Now, let’s not even include — I mean, The Interview is about the CIA asking two journalists to assassinate Kim Jong-un. Let’s take that out of it in our pretend movie in our thought experiment here. Let’s just say Sony gonna be doing a movie mocking Obama. Do you think that George Clooney would be writing people e-mail saying, “Do not object to this. We are artists. This is free speech. We must allow the creative community its outlet. We must permit people to make the movies of their dreams and desires, and it is not our business to censor them.”

Do you think that there would be calls from all over the place to pull a movie that mocked Obama? Do you think there would be pressure brought to bear on movie theaters not to exhibit — i.e., show — a movie that mocked Obama? Would there be threats? Maybe from some of the same people incensed over what the North Koreans are doing. Can you imagine the same people angry at Sony for caving to the North Koreans, do you think that they would be angry at Sony for caving on a movie mocking Obama? Nope. They’d be supportive of that. They would be leading the charge to make Sony cave.

If there’s a movie mocking Obama, you know as well as I do that this same bunch from Oprah on down or up, whoever, would be all over Sony to pull that movie and not show it anywhere and not put it on the Web, not make it available to torrent sites, not make it available for sale, no video on demand, no nothing. The same people demanding that we not cave to North Korea would be demanding that Sony cave to Obama. And I mention this thought experiment only to illustrate the hypocrisy of what’s going on.

Now, it doesn’t change one thing. It really is outrageous. I mean, it is supreme cowardice to do this. And, by the way, the FBI has made it official now. The FBI says that this is a North Korean hack. Now, the hackers, whoever they are, have issued a letter. They sent an e-mail to the executives at Sony praising them for withdrawing the movie, The Interview. I have in my formerly nicotine-stained fingers here, I have a copy of the e-mail the hackers sent to Sony. I’m gonna read it as it’s written.

“It’s very wise that you have made the decision to cancel the release of The Interview. It will be very useful for you. We will ensure the security of your data unless you make additional trouble.”

The e-mail then demands that Sony continue to cooperate with further demands from the hackers or else they will release more data. Specifically, the hackers demand that all traces of the movie be wiped from the face of the Internet. They say, “Now we want you never let the movie released, distributed or leaked in any form of, for instance, DVD or piracy. And we want everything related to the movie, including its trailers, as well as its full version down from any website hosting them immediately.”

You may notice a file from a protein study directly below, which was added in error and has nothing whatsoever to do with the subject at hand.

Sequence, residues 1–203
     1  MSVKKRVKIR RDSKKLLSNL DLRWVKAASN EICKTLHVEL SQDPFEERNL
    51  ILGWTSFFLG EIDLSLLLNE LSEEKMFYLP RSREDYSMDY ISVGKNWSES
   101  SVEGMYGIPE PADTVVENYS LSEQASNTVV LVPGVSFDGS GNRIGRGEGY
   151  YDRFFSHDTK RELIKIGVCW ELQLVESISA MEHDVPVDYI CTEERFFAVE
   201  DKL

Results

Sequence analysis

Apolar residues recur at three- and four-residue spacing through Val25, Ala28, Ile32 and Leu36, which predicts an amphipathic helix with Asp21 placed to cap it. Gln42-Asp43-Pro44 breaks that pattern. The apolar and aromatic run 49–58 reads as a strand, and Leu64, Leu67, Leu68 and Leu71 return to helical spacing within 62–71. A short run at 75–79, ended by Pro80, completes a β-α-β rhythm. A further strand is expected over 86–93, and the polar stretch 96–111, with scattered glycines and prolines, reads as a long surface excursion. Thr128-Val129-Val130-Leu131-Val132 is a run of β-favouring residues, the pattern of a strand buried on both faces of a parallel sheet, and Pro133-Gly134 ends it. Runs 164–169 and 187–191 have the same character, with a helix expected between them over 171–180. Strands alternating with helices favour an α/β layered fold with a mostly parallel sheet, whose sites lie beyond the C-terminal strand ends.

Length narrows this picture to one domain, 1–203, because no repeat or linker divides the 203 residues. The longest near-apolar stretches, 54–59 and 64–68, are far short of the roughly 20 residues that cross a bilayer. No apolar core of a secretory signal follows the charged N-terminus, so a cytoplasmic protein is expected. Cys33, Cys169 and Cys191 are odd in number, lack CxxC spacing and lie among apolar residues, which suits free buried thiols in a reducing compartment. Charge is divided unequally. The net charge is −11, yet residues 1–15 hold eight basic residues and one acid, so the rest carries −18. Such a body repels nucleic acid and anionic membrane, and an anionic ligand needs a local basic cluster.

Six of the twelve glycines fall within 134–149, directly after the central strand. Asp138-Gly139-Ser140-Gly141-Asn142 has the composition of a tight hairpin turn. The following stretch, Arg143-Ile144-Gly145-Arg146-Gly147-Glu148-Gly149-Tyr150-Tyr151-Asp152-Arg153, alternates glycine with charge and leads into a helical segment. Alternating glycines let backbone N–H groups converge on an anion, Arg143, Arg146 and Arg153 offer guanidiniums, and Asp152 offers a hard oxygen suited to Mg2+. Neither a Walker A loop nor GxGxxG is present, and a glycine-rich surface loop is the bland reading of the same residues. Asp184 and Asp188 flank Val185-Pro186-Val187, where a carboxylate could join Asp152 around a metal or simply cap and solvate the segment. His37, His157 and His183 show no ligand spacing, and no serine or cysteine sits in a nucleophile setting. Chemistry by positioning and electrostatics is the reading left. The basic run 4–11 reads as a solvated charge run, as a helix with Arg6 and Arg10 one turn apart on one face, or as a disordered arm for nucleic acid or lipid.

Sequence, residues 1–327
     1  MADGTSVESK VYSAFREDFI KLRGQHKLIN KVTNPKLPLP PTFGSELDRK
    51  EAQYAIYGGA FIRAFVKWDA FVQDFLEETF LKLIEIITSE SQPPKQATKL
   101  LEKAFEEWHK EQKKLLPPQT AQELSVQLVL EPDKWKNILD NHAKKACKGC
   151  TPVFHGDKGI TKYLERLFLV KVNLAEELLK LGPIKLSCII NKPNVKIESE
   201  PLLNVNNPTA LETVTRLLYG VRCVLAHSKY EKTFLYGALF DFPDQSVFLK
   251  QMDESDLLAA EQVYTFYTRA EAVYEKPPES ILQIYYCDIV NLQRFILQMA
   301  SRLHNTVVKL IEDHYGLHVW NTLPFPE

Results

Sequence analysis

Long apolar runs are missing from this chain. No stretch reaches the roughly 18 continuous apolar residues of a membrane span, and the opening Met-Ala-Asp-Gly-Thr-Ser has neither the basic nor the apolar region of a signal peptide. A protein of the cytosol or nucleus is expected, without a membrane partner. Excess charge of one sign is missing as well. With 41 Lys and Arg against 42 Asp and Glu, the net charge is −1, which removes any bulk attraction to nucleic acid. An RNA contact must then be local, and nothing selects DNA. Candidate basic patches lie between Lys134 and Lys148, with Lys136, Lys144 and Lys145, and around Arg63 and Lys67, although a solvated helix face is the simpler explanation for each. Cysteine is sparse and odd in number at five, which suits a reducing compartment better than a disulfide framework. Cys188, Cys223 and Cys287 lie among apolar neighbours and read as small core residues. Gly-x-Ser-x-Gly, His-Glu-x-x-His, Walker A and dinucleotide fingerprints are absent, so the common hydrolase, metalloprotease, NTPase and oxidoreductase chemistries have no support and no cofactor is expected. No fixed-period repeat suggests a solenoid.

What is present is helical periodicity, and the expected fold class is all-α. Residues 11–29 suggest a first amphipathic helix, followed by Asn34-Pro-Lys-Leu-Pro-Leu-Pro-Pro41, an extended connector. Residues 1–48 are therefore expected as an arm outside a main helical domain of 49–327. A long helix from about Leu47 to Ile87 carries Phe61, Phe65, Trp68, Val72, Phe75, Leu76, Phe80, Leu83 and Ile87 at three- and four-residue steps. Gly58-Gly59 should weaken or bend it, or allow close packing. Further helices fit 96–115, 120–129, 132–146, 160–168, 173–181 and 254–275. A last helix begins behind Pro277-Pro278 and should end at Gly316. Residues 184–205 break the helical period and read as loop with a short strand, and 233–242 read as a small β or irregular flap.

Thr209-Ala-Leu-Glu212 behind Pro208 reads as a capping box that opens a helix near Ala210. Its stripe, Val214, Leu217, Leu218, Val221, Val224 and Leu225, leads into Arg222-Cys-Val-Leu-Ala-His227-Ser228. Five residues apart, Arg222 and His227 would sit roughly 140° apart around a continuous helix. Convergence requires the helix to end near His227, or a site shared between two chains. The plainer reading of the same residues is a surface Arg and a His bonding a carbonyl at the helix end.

So, see, you cower and you cave to terrorists, cyber or otherwise, and they just keep coming at you with more demands. And now that Sony’s done the right thing, now that Sony’s caved, now that Sony’s not gonna play the movie, now that Sony’s not gonna put it in theaters, the theaters aren’t gonna run it, the hackers are back with more threats. “We will release even more of your secure data if you do not do what we ask.” There’s no limits on what they can demand now, since Sony has caved.

America as a superpower? You know how you can tell that America as a superpower may be in its last days is by looking at the way — here we have a bunch of hackers, I don’t care if it’s North Koreans or whoever, a bunch of hackers have brought a major movie studio, owned by one of the world’s largest technology firms, Sony, to its knees, and the State Department and other officials of the US government admitting openly that our options to deal with this are limited.

Now, if you happen to be the mullahs in Iran looking at this, if you happen to be Bashar al-Assad in Syria, if you happen to be anybody, imagine you’re the Castro brothers, and you see a picture of Obama sniffing a Cuban cigar at a White House party Wednesday night, and then you see the government saying (imitating Harf), “Oh, my God, this is why I got into government.” That’s what Marie Harf said. “This is why I did it. This is the reason I wanted to go into government to do some productive things, opening up relations with Cuba.” And the Regime talking about inviting Castro, what in the world would you think you couldn’t get away with, with the United States? And we still have two more years of this. This Cuba thing, it’s just the tip of the iceberg, as I warned effectively mere days ago.